[i]n this provision, the legislator used the ‘claim’ term in the procedural meaning, namely as seeking of adjudication of a performance or establishing the existence of a legal relation or law or the formation of a legal relation or law. The need to pursue a ‘single type of claim’ in group proceedings, within the meaning of this provision, means that all claimants should seek the adjudication of the performance or the establishment or formation of a legal relation or law.6

Claims by members of a group sought in group proceedings, in accordance with Article 1(1) of the Act, should be based on the same (identical) or similar (equal) factual grounds. Without doubt, the interpretation of this premise has risen the greatest doubts in judicature when the Act comes into force. When explaining this premise for admissibility of examining the case in group proceedings, it is argued that the factual grounds of a claim, as referred to in Article 1(1) of the Act, are the main set of facts that constitute the grounds for the origination of a disputed legal relation and a specific claim; the scope of the factual grounds of a claim does not include factual circumstances that affect the amount, objective scope or maturity of the claims.

The requirement for the size of the group means that the proceedings should encompass at least 10 claims.

From the viewpoint of interpretation of the provisions that lay down the premises for the admissibility of group proceedings, the first statements of the Supreme Court based on the Act of 2015 were of particular importance. The following decisions are of note: the judgment issued in the case of a group of close persons injured as a result of a structural collapse (i.e., decision of the Supreme Court, Civil Chamber, of 28 January 2015, I CSK 533/14); judgment of the Supreme Court, Civil Chamber, of 14 May 2015 II CSK 768/14 issued in the case involving a group of consumers pursuing the establishment of liability for damages of a bank for the improper performance of the contract (more precisely, provisions on the method in which interest was accrued on the bank loan); and the resolution of the Supreme Court of September 2015 regarding the case of a group of local government units against the State Treasury related to the incorrect implementation of the EU law (fees charged in connection with vehicle records).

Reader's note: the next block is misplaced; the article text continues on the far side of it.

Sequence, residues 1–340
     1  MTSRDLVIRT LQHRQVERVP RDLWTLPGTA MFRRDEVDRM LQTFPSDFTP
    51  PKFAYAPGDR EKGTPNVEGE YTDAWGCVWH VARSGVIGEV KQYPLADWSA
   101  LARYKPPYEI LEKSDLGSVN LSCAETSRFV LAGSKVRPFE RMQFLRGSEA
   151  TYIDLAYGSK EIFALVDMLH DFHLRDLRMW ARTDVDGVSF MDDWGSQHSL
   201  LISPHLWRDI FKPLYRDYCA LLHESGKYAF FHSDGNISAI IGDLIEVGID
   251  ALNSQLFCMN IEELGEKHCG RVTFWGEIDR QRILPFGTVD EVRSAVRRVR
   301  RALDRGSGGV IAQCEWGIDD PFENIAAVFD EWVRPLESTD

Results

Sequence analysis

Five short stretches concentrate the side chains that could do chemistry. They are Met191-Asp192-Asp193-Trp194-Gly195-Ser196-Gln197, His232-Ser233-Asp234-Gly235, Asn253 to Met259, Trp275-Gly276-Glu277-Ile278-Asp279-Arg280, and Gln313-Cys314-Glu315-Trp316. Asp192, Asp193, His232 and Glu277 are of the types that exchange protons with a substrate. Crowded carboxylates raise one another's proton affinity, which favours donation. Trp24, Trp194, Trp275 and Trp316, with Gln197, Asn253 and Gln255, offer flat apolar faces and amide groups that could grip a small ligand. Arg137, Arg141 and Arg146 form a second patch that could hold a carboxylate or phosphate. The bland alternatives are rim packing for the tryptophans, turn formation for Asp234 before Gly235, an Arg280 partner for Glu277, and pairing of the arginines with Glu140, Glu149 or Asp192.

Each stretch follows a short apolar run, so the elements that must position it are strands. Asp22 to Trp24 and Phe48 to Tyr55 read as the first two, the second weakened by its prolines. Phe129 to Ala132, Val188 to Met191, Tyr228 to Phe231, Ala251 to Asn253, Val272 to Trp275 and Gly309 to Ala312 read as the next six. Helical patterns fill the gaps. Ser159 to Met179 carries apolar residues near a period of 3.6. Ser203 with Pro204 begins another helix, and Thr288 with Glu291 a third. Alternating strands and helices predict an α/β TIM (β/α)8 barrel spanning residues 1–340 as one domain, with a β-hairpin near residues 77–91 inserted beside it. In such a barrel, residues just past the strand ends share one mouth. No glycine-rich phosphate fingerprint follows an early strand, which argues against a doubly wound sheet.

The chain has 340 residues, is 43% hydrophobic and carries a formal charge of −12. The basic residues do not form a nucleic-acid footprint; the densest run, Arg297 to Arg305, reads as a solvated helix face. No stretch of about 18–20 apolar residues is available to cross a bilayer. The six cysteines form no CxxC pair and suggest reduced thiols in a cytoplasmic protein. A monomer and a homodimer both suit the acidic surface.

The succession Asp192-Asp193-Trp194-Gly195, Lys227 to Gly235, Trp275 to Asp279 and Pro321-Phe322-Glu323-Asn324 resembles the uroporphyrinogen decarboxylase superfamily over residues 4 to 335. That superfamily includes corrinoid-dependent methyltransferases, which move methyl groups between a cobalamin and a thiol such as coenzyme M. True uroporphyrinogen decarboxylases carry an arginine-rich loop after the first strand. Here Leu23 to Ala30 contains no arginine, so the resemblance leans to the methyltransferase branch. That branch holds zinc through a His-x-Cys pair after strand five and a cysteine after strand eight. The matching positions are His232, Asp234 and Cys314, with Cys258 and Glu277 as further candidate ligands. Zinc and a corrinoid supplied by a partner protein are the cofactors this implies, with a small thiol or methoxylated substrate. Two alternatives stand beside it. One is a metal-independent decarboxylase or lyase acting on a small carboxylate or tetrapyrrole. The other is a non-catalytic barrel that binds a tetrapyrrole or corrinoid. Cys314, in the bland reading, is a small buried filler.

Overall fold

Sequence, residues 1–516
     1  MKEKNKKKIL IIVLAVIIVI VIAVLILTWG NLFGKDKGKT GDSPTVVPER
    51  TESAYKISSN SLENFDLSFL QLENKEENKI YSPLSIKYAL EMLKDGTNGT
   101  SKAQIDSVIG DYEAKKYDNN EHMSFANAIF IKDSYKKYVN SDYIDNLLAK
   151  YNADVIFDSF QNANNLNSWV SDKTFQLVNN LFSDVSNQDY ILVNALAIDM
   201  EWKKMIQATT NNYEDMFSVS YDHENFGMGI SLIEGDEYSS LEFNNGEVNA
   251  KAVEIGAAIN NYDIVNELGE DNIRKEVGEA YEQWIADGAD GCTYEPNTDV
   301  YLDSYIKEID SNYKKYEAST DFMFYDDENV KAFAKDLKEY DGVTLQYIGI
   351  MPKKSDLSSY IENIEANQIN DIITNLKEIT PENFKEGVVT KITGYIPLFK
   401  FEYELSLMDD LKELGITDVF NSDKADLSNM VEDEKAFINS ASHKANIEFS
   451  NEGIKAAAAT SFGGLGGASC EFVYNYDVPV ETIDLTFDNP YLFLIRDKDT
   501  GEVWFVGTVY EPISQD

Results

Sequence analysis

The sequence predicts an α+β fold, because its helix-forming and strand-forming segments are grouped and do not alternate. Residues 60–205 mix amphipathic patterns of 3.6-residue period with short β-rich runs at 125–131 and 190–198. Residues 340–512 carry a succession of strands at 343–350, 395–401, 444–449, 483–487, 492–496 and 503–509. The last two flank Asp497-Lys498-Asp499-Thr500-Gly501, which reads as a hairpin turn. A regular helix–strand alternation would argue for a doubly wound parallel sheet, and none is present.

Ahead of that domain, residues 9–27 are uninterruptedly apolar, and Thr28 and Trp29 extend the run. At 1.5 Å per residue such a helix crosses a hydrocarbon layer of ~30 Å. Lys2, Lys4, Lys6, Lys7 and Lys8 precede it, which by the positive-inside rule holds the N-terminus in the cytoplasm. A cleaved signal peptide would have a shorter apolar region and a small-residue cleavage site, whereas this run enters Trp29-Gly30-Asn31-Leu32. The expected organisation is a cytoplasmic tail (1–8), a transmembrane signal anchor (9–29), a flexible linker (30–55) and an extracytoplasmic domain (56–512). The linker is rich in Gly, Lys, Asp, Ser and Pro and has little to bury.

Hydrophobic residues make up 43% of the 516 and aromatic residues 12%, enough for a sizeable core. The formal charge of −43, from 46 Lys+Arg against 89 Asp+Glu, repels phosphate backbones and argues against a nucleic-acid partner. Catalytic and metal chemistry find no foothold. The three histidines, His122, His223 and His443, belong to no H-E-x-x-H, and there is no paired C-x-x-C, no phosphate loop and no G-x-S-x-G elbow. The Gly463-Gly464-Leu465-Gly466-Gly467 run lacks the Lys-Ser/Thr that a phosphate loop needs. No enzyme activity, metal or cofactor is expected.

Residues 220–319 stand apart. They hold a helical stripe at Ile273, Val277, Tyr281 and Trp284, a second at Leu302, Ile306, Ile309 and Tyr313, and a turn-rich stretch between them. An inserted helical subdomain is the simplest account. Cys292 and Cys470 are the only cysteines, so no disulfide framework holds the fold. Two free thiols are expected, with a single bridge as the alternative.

In the first of the judgments mentioned above, the Supreme Court stressed the need to take the essence, purpose and functions of group proceedings in the course of interpretation of provisions of the Act into account.

When the Supreme Court issued these rulings, the courts examining polish class actions began to be more open in their judicature towards group solutions for pursuing claims, while the interpretation of the provisions of the Act became more in favour of certification. Since mid-2015, and in particular in 2016, a number of cases have been positively certified, for example, a series of cases against insurance companies related to unfair contractual clauses (pertaining to insurance of a low down payment for a mortgage loan, the so-called liquidation fee).

The group proceedings have no limitations as to the method of shaping the demand for the statement of claim; a class action may be an action for performance (adjudication). In the case of adjudication, the amount of claims sought by various group members must be standardised. A class action may take the form of an action for establishing the legal relation or the right (Article 189 of the CCP) or an action for establishing liability (Article 2(3) of the Act). It is also possible that the demand for a class action involves the demand for shaping the right or legal relation (only in such cases where filing such an action is permitted).

Currently, after Amendment 1, standardisation of the amount of claims means that group members must, altogether or in at least groups of two, seek payment from the defendant in the equal amount (previously the Act required that the standardisation took place after the consideration of the ‘common circumstances of the case’, which gave rise to doubts and resulted in a different approach of the courts to the interpretation of common circumstances). Now, a sufficient criterion for standardisation is the criterion of the amount.

Action for establishing liability

An institution unique to group proceedings is the action for establishing liability; the essence of this action was explained by the Supreme Court in the said ruling of 25 January 2015, arguing that: